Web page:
NEW CAR NEWS
Unhook the front wheels, turn the wick down a tad, lower the price to match: baby Huracán’s a hit
Rear-drive Huracán, Bentley’s SUV and more
Supercar StereotypeS just don’t apply in 2015. Ferrari has long abandoned open-gate manual gearboxes, the Porsche 911 Turbo is breathtakingly capable but not at all scary, newcomer McLaren has thrown off its restrained understatement and slightly clinical approach for a much more intense, involving new philosophy, and even Lamborghini doesn’t really stick to the script. Of course they still look wild and sound like the apocalypse but gone is the threat of unpredictable handling and patchy quality; some suggest that they’ve become a little too, well, German.
I don’t subscribe to that view but understand why some people mourn the Lamborghini of old. Perhaps they have swung too far in the other direction from those early, wonderfully chaotic cars… The ‘baby’ of the range is the Huracán LP610-4 and it’s so locked down, so composed and so stable that it doesn’t really start to feel alive until you’re travelling at ludicrous speeds. Enter the LP580-2 – that’s ‘2’ for two-wheel drive – the new baby ‘baby’ model that marks a seismic shift in strategy and might just allow the Huracán to morph from uptight to uplifting.
Of course, the big news is the switch from four- to rear-wheel drive and that’s resulted in a huge number of changes. The springs, dampers and anti-roll bars are all revised, the styling and aerodynamics of the car have been altered to increase pressure over the front axle and to take account of the slightly different weight distribution (now 40:60 from the LP610-4’s 42:58), and a new Pirelli P Zero has been specifically developed to suit the rear-drive set-up. The front suspension is around 10% softer, creating a more responsive, agile balance. Lamborghini claims ‘Every aspect of the LP580-2 has been engineered for driving fun’. For which read ‘It oversteers more readily’.
The first time you pin the throttle you know that the slight downgrade in terms of power is not going to be a problem. What an engine. The big, howling 5.2-litre V10 is the last of a dying breed as the world goes turbocharged and as a result it seems even more special than ever. Throttle response is so sharp, so intuitive, and although 572bhp (580ps) at 8000rpm and 398lb ft at 6500rpm sound rather tame next to the 661bhp Ferrari 488GTB, the reality is anything but.
There’s a honey-coated fury to its delivery that’s unmatched by any of its rivals. Oh, and at around £160,000, the LP580-2 actually makes most ‘rivals’ – £185,000 or more for the usual suspects – seem pretty expensive. Although you do have to put up with steel brakes instead of the usual ceramics…
Today that’s not a problem as our first taste of the car is on circuit and Lamborghini has kindly decreed that all of the launch cars are fitted with the superbly resilient carbon-ceramics and the optional MagneRide adjustable dampers.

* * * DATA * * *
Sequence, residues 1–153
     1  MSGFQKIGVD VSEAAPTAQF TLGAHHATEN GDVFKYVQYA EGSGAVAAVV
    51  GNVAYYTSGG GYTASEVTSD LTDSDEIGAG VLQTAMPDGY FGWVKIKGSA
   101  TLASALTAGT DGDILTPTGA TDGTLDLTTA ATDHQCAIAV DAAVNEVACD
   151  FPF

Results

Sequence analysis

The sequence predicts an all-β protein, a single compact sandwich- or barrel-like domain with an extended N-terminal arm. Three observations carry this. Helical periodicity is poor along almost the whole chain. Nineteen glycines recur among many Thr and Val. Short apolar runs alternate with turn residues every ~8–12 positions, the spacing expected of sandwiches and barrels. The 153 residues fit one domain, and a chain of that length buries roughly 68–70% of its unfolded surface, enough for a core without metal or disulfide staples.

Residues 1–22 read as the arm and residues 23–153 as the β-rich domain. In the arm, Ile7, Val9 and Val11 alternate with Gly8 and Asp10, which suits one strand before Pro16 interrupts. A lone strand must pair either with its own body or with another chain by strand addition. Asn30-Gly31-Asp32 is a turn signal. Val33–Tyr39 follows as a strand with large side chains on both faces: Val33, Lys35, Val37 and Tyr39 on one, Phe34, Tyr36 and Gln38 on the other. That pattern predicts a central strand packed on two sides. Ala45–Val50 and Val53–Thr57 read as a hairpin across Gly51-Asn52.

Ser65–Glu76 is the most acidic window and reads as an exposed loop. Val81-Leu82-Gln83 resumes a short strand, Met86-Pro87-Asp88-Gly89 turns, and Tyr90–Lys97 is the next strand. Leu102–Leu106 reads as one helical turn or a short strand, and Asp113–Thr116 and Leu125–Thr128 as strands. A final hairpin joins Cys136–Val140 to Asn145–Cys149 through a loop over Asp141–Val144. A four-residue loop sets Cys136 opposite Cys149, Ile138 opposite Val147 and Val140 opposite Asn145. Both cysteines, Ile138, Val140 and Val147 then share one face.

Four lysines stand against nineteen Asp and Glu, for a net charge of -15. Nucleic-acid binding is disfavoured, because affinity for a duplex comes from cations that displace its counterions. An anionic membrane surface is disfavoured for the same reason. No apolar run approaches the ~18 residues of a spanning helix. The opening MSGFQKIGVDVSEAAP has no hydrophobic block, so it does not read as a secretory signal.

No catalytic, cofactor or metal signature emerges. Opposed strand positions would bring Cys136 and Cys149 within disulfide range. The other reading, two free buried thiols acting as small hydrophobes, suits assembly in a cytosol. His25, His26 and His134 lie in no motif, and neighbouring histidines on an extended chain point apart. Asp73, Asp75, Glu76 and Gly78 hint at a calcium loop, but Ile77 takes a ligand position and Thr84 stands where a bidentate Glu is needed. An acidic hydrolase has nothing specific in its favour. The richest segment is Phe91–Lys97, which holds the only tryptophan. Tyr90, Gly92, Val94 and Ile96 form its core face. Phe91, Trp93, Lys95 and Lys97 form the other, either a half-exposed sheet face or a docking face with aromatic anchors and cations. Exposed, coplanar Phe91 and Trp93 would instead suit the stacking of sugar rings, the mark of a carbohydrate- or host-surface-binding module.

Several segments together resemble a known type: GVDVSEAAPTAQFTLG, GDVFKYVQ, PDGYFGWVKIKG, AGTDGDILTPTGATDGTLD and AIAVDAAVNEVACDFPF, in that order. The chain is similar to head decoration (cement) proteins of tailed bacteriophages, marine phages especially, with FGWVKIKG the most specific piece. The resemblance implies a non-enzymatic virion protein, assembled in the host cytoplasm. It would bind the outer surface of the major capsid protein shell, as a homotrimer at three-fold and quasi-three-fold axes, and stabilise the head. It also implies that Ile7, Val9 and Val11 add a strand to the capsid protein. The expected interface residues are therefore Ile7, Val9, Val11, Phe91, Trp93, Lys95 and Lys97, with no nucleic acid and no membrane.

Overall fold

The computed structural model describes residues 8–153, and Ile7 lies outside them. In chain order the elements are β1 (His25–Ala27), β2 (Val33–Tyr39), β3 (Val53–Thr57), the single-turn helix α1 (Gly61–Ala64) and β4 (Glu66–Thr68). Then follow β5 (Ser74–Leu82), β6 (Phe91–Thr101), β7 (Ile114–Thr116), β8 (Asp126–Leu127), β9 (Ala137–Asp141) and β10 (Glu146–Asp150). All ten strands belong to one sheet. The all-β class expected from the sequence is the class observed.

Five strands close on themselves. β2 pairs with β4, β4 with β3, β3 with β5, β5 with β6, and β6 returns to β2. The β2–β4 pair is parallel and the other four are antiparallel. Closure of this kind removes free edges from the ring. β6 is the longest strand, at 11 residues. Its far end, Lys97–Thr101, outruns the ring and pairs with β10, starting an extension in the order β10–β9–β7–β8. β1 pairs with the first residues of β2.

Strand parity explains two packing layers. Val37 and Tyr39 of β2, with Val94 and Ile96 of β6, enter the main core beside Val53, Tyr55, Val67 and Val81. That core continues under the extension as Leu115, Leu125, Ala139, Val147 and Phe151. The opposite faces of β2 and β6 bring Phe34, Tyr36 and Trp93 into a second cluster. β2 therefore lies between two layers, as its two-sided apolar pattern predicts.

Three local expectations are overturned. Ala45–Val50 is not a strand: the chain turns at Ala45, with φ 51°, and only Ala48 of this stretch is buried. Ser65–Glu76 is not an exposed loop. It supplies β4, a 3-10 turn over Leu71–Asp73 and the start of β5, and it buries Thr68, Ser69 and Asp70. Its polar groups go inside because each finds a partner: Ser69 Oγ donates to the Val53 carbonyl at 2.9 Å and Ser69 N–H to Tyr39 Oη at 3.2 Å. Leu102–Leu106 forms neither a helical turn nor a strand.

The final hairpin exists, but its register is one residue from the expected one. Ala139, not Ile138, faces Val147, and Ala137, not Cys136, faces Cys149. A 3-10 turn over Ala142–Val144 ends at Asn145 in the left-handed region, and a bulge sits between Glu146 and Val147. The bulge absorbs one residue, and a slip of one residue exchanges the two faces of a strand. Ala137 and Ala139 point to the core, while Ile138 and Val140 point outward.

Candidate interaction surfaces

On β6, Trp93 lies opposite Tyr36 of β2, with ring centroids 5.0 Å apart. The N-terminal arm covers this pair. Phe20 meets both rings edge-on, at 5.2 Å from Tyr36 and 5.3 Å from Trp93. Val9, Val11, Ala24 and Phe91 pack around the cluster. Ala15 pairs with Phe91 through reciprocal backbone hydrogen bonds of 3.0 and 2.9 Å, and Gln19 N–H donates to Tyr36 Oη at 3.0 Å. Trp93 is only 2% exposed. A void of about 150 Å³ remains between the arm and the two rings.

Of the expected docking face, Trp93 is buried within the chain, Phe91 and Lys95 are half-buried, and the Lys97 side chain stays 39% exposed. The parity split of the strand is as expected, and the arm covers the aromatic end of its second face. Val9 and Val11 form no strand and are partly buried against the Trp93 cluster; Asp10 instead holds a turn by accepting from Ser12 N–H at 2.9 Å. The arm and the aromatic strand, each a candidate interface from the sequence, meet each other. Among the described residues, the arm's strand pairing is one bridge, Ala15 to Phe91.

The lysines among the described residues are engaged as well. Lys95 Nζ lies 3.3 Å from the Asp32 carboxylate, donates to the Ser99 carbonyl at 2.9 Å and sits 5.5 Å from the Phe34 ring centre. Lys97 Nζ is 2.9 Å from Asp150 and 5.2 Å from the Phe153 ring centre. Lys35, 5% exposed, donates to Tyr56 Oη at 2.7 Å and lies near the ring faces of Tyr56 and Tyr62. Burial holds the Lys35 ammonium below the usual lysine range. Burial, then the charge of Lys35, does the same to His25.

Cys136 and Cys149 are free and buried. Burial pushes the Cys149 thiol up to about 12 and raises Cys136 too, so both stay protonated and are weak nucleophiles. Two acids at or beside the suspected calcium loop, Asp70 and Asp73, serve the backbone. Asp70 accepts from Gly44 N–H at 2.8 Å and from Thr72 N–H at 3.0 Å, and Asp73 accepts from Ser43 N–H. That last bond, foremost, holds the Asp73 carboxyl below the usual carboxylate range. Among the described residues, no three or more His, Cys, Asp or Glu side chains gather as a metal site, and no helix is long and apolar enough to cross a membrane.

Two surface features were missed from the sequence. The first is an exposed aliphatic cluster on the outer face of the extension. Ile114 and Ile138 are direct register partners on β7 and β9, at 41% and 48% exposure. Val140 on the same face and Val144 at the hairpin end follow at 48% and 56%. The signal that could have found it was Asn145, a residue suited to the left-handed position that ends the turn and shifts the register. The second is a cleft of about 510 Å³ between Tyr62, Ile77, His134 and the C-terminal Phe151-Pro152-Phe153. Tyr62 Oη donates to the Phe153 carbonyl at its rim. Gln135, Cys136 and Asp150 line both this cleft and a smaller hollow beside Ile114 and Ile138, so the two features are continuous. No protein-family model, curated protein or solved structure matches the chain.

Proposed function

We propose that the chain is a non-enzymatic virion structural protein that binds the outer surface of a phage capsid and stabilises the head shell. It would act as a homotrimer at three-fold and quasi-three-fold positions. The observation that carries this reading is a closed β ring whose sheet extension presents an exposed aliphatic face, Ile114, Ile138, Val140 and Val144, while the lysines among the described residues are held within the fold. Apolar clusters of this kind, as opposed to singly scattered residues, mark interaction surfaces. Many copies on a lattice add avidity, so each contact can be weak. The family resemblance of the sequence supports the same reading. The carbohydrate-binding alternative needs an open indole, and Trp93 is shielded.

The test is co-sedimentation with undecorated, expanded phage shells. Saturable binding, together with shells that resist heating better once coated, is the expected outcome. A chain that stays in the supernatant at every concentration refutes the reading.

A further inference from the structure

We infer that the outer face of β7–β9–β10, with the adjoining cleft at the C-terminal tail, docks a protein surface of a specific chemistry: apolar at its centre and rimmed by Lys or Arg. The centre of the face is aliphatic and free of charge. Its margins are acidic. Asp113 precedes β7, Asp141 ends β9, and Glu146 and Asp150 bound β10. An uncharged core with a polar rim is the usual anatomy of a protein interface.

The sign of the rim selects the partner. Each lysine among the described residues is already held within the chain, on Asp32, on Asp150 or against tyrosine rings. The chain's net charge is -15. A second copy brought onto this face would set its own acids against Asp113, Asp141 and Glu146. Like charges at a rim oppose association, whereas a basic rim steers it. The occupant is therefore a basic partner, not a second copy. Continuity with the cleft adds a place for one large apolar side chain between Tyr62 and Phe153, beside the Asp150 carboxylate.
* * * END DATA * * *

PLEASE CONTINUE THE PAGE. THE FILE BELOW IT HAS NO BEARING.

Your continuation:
As before, the ANIMA switch on the steering wheel allows you to toggle between Strada, Sport and Corsa modes. The first of them makes for a meek monster, reined in by very conservative stability control, the V10 gagged, its responses stifled, and the chassis balance displaying a strong tendency towards understeer.
Forget that then. Sport is better, the engine finding its voice, the suspension tuned for turn-in response and the ESC system set-up to allow the tail to wag the bull. Sadly, the seven-speed dual-clutch ’box still upshifts automatically in this mode if you get close to
the limiter, robbing you of control, and compared with equivalent systems from Ferrari and McLaren the electronics still feel overly jumpy. For me the chassis also feels unnervingly loose in quicker corners, almost like the intended ‘fun’ adjustability is a little contrived.
Corsa is much the better option. The chassis feels consistent and controlled, the gearbox remains in the gear you select even if you thwack the limiter and, although the balance is a bit more neutral, with 572bhp to play with you can steer the car with that searing V10 engine should you have the space and the inclination. On the Losail circuit in Qatar we have both and the LP580-2 really does feel like an altogether more indulgent car. There’s a bit of turn-in understeer but it’s so easy to balance the car on the power and then play with its trajectory. It feels best gently sliding but barely requiring any correction – an old-fashioned four-wheel drift – but it’ll light up the rear Pirellis and howl around at extreme angles if you fancy it.
How that will relate to a bumpy British B-road remains to be seen, but I suspect it will make the driver feel a more integral part of how the Huracán picks apart every corner and also provide more excitement at lower speeds. With those looks, an amazing naturally aspirated engine and sweet gearbox, and the German influence that makes the boring stuff such as sat-nav and Bluetooth actually work, the Huracán LP580-2 is a very modern supercar with its heart rooted in the good old days. We approve.
Clockwise from top left Making the Huracán rear-wheel drive loosens the reins and allows enthusiastic drivers to do this more easily; cheaper car, familiar interior; there’s slightly less power for the V10 but it’s no less magical.